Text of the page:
See him on






Ronald Owen, Windcatcher Composer and Orchestrator

Ron Owen

We are honored to introduce Ronald Owen, the composer and music professional who will be heading up the music team for Windcatcher: The Story of Sacajawea. Ron’s passion for this project is thrilling as he shares the deepest heart of himself. The music team will include Native Americans and bring together an eclectic sound of the times — drums, flute, wind, animals…. a blend of rich and emotional compositions that will capture us to our very souls. Ron is a Dream Catcher. Read how he has followed his Call:
Dream Catcher Ron Owen —

Over this last year, I’ve had the inspiring opportunity to meet Ronald Owen, a creative and talented film composer andmusic professional. Ron has shared with me his passion for music and how he has built a meaningful career around this passion.

It was on LinkenIn that Ron first approached me about a major epic film project I was promoting. As we connected around the possibilities of his involvement in the project I saw a genuine and imaginative person who had the right motivation in his life. From his powerful musical compositions to his insightful knowing, this artist is following his heart and soul. The film industry is not always an easy road, but as you will see, Ronald Owen has never given up and he will continue to achieve great things. Read Ron’s words and let him inspire you…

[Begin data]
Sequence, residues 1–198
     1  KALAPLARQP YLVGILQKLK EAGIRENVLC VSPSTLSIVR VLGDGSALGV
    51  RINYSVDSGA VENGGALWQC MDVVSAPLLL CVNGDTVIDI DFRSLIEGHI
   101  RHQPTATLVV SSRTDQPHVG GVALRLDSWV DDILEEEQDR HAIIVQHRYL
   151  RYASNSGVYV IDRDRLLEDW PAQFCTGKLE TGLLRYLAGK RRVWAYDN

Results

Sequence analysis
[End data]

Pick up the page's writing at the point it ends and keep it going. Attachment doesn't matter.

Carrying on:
“Music is a moral law. It gives soul to the universe, wings to the mind, flight to the imagination, and charm and gaiety to life and to everything.” ~ Plato

Jane Fitzpatrick: What is your background and story?

Ronald Owen: As a Southern Californian native surfing, surprisingly, became my inspiration and path toward a career in music composition. I combined the two at Pepperdine University, Malibu, where I received my B.A. in Music Composition and had the opportunity to study with Hansel Rayner, head of the Music Department and conductor of the Burbank Symphony Orchestra. He taught me the value of learning the music classics and once told me…

“It’s better for a marching band to play Mozart than never play Mozart at all.”